20 Aug 2018: Exposed to passive cigarette smoking since childhood? Not good!
For those kids who grew up with parents who smoked, there's bad news in store.
They stand a higher risk of dying from serious ailments like ischemic heart disease, chronic obstructive lung disease and stroke, than those whose parents were non-smokers, said a study conducted by American Cancer Society.
So, the best way to protect your children is to quit smoking altogether, it added.
Details: Risk increases if exposed to cigarette smoke for over 10hrs/week
In the study, 70,900 non-smoking participants were asked about cigarette-smoke exposure and their lives were tracked for 22 years.
It was found that if an adult is exposed to smoke for over 10 hours every week, chances of them dying from ischemic heart disease increases by 27%, while for stroke and chronic obstructive lung disease, the rise is by 23% and 42%, respectively.
Results: Even exposing to smoke during adulthood creates health complications
The researchers concluded that passive smoking during childhood was "likely to add seven deaths to every 100,000 non-smoking adults dying annually".
Not just childhood, if someone is exposed to a smoker during adulthood, there will still be health complications, the study said, which was published in the American Journal of Preventive Medicine.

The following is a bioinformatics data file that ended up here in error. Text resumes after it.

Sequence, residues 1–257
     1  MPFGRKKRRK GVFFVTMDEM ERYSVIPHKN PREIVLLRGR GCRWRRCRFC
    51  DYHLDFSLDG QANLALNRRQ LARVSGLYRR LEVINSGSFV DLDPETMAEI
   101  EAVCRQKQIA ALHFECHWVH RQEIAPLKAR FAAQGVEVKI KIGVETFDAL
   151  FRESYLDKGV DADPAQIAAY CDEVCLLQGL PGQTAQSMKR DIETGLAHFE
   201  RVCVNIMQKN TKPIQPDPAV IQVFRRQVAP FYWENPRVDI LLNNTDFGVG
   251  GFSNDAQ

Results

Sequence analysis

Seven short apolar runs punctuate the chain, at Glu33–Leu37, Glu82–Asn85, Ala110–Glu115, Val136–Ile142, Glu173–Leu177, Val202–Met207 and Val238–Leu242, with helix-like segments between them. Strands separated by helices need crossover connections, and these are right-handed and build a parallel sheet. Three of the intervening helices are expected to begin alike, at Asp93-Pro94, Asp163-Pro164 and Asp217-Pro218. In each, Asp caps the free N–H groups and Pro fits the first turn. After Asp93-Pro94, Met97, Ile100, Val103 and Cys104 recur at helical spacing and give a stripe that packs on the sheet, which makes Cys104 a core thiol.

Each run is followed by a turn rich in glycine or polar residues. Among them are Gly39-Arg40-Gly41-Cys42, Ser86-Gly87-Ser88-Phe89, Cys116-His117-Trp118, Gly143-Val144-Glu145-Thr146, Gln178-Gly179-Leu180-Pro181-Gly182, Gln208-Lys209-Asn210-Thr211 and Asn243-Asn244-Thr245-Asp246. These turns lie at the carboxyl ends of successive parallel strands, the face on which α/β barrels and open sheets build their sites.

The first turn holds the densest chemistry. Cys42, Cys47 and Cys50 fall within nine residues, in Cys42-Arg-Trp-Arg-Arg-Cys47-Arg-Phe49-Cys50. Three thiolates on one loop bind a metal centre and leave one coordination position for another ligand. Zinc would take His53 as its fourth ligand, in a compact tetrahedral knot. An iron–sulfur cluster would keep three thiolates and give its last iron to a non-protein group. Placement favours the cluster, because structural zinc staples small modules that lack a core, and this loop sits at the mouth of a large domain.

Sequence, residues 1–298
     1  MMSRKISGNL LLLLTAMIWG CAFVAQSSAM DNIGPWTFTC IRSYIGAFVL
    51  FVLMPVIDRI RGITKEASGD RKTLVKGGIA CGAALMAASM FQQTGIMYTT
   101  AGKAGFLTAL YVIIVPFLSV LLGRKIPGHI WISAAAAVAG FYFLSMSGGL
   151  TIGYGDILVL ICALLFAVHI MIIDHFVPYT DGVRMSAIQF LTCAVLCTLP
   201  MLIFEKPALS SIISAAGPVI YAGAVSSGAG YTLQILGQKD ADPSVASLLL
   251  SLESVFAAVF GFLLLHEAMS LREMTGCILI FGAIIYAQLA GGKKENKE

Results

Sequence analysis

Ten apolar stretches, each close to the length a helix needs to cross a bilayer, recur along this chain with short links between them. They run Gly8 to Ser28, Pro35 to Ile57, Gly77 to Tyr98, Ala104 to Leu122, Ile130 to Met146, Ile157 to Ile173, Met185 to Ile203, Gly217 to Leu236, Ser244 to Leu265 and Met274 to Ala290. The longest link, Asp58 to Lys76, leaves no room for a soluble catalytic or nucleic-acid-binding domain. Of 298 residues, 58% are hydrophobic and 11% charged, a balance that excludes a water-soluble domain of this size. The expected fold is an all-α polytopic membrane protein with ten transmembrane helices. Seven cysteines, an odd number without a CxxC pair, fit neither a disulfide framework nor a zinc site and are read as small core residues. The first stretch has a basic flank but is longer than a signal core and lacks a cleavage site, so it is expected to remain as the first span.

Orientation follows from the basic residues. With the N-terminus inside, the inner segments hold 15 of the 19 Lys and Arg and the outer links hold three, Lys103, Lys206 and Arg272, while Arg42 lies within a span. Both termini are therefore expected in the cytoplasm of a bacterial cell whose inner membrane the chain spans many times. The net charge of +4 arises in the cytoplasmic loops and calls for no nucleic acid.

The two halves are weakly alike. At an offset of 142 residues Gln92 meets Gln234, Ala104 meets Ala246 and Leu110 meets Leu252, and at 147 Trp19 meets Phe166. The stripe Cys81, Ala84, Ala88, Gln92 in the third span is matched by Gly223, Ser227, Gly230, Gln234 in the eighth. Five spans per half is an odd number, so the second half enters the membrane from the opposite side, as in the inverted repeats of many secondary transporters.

Dr Nick Hopkinson of British Lung Foundation echoed the same.
Suggestions: 'Protect your child, either smoke outside or quit altogether'
"We need to make sure that everyone, especially parents of young children and pregnant women who smoke, get the help they need to quit," said Hopkinson.
Campaigner of Action on Smoking and Health, Hazel Cheeseman offered one should smoke outside to protect children from harm or simply quit.
That's because children whose parents smoke have poor lung development and may have asthma, said Cheeseman.
Fact: 'Study provides further evidence for reducing second-hand smoke exposure lifelong'
"This is the first study to identify an association between childhood exposure to second-hand smoke and death from chronic obstructive lung disease in middle-age and beyond. Our findings provide further evidence for reducing second-hand smoke exposure lifelong," said Dr Ryan Diver, one of the researchers.